Long Island Personal Injury Lawyer Warns of New “Move Over” Law in Effect throughout New York
On January 1, 2011, a new law went into effect that requires motorists to slow down and move over for emergency vehicles on all New York roads and highways. Entitled the Ambrose-Searles Move Over Act, it was created to protect law enforcement officers and emergency workers by requiring drivers to:
• Use due care when approaching an emergency vehicle that displays red and/or white emergency lighting.
• Reduce speed on all roads and highways
• On multilane highways, move over from the lane immediately adjacent to the emergency vehicle, unless traffic or other hazards exist to prevent doing so safely.
Violators of this law can be fined up to $275, plus mandatory court surcharge, and will get two points on their driver's license record.
In the past decade, more than 150 law enforcement officers have been struck and killed along America's highways. Just recently, Nassau County Police Officer Michael J. Califano was killed when his patrol car was crushed as he was conducting a traffic law stop on the Long Island Expressway at exit 39 in Old Westbury.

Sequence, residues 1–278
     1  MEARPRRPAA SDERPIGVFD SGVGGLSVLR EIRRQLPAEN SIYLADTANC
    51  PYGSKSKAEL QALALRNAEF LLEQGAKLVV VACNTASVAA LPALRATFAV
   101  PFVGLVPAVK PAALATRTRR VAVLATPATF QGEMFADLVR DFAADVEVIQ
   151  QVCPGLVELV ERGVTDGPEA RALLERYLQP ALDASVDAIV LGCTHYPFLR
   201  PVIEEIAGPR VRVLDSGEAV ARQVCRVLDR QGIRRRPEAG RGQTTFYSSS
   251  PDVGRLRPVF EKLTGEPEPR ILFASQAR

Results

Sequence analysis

Governor David A. Paterson, who signed the law last summer, said, "This law will work to safeguard the emergency personnel who protect us day and night as we travel. The 'Ambrose-Searles Act' is a common sense approach that will work to prevent avoidable collisions with emergency personnel, and I was pleased to sign it into law last summer."
The Ambrose-Searles ‘Move Over Act,' is named in honor of New York State Trooper Robert W. Ambrose and Onondaga County Sheriff Deputy Glenn M. Searles who were both killed in the line of duty while their patrol vehicles were stopped on the side of the road, and to honor others who have tragically lost their lives on the highways while serving the public.
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